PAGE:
Cass Sunstein, former head of the White House Office of Information and Regulatory Affairs, was quoted in 2011 as saying there is no "tsunami" of regulation to worry about. Three years later, there may not be a tsunami but there is no doubt a rising tide. According to research by the Competitive Enterprise Institute (CEI), it costs Americans $1.863 trillion to comply with federal regulations in 2013, making U.S. regulatory costs higher than the GDPs of countries like Canada and Australia.
Since 1994, the U.S. has issued an average of more than 3,500 regulations a year, or about nine per day. Also, in 2013 the Federal Register contained 79,311 pages, the fourth highest total ever. The Register's two largest volumes were in 2010 and 2011, including the 81 major rules -- those that have a $100 billion impact or greater -- that the President has issued annually since he took office. This all adds up to make regulation cost $14,974 per household, or 23% of the average household income of $65,596.
CEI's report also includes an "Unconstitutionality Index." This is a ratio of regulations by federal agencies compared to the legislation passed by Congress and signed into law. In 2013, the ratio was 51-1, which means that there were 72 new laws and 3,659 new regulatory rules, or a new regulation every 2½ hours. Six federal agencies, including the Departments of Commerce, Treasury, Interior, Health and Human Services, and Transportation and the Environmental Protection Agency, account for 49.3 percent of these regulations. Many of the regulations these agencies create hit small-businesses the hardest. Firms with 20 or fewer employees pay an average of $10,585 per employee in regulatory costs, while firms with 500 or more pay an average of $7,755 per employee.
At a time when state and local economies are in dire need of job growth, and government budgets are strained for every single dollar, cutting "red tape" is a cheap, politically savvy way of raising much needed funds. This is an especially prudent choice for local governments, since complex federal laws like Dodd-Frank and the Affordable Care Act impose significant costs for consumers and employers throughout the country. With this in mind, taxpayers should pay close attention to regulations proposed at every level of government, which can have far-reaching economic impacts.
Special thanks to NTUF Research Associate Alex Eblen for authoring this post.0 Comments | Post a Comment | Sign up for NTU Action Alerts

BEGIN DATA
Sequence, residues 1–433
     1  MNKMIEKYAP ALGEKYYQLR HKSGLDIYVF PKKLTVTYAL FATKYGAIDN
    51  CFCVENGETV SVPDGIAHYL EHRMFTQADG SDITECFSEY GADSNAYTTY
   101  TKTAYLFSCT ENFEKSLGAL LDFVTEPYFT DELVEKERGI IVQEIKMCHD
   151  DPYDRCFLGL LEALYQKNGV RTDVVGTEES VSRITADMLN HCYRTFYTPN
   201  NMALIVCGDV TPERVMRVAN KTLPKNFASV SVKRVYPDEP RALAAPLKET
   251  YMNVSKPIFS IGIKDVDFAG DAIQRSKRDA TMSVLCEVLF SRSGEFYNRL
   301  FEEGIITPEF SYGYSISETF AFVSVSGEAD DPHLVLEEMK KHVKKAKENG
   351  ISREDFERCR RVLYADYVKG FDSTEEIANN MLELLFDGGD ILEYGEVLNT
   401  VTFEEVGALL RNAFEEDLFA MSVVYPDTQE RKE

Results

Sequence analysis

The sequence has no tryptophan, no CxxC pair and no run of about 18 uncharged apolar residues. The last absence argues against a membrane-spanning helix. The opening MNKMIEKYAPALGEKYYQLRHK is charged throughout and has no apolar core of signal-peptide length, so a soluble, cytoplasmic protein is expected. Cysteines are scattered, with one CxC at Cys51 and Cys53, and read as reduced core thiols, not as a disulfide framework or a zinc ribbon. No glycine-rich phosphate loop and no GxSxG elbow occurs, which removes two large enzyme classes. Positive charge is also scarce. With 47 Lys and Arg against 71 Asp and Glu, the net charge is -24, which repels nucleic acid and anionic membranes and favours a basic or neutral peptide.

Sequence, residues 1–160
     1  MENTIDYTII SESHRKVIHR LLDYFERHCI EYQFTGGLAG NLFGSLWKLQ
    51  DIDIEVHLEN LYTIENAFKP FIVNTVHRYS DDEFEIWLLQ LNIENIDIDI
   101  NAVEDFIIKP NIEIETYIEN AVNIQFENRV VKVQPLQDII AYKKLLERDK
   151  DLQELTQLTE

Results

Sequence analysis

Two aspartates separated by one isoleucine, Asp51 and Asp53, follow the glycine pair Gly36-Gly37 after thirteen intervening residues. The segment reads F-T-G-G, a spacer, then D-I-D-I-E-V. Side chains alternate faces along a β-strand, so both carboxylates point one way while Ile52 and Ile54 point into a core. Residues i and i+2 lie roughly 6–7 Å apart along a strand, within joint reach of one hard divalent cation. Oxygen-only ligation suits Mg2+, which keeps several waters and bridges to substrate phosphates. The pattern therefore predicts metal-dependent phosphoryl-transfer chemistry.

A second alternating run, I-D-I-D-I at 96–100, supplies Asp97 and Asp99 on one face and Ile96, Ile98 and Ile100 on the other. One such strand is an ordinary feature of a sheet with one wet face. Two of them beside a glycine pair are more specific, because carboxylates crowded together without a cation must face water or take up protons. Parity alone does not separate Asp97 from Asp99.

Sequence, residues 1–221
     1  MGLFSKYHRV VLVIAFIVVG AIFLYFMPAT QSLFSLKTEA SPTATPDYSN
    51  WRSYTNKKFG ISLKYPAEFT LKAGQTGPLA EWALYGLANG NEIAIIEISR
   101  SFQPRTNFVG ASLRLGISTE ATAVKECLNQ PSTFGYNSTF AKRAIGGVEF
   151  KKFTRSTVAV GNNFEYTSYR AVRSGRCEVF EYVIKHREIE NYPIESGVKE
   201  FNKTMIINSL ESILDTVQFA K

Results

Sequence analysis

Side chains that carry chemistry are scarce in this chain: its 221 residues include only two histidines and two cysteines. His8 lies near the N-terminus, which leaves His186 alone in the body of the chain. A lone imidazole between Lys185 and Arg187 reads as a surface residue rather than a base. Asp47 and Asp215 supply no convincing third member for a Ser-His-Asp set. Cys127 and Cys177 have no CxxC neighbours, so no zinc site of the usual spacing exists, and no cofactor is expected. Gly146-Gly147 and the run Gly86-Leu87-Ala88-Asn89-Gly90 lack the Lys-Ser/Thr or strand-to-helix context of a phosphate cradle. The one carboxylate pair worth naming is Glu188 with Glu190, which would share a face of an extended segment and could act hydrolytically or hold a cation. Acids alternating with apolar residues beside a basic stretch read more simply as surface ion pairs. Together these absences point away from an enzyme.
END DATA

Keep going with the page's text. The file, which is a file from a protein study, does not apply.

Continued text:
Today's Taxpayers News!
The House Ways and Means Committee released November 2012 emails belonging to Lois Lerner. Lerner used derogatory terms to describe Republicans and Conservatives in the emails. Fox News has the latest!
Rep. Rosa DeLauro of Conn. introduced a national soda tax bill aimed at taxing sugary beverages. Similar measures at local levels will be brought up in November for the people to vote. Read here for more!0 Comments | Post a Comment | Sign up for NTU Action Alerts
Senate Passes Own Highway Trust Fund Bill; Forbes Challenges Obama’s Stance on “Tax Inversions”; Washington Times Editorial Examines BillTally Stats for Caucuses – Late Edition, July 30
Today's Taxpayer News!
With just days left before August recess, the Senate passed its own version of the Highway Trust Fund Bill with a couple of key House provisions cut out. Speaker John Boehner has insisted that the House will not pass the Senate version of the bill. Politico has the latest!
President Obama called companies practicing “tax inversions” as unpatriotic. Forbes released an op-ed that challenges the President’s claims.
The Washington Times has an editorial making good use of NTUF’s BillTally findings on the 113th Congress – what did they take from the report on caucus agendas?0 Comments | Post a Comment | Sign up for NTU Action Alerts
Milton Friedman, one of the most influential economists of the 20th century, would have celebrated his 102nd birthday on Thursday. To honor his countless contributions to economics and public policy, NTUF is joining with the Tax Foundation and Liberty on the Rocks, D.C. to host an event in downtown Washington this evening, and you're invited!